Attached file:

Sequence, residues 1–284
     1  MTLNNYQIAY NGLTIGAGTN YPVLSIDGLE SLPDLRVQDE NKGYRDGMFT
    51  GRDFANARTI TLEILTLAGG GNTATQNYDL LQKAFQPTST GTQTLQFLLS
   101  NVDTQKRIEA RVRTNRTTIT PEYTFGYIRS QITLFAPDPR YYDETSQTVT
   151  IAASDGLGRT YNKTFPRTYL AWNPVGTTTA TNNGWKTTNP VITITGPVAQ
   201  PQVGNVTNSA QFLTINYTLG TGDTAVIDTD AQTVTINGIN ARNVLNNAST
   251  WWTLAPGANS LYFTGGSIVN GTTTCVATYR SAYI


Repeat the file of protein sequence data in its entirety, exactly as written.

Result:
Sequence, residues 1–284
     1  MTLNNYQIAY NGLTIGAGTN YPVLSIDGLE SLPDLRVQDE NKGYRDGMFT
    51  GRDFANARTI TLEILTLAGG GNTATQNYDL LQKAFQPTST GTQTLQFLLS
   101  NVDTQKRIEA RVRTNRTTIT PEYTFGYIRS QITLFAPDPR YYDETSQTVT
   151  IAASDGLGRT YNKTFPRTYL AWNPVGTTTA TNNGWKTTNP VITITGPVAQ
   201  PQVGNVTNSA QFLTINYTLG TGDTAVIDTD AQTVTINGIN ARNVLNNAST
   251  WWTLAPGANS LYFTGGSIVN GTTTCVATYR SAYI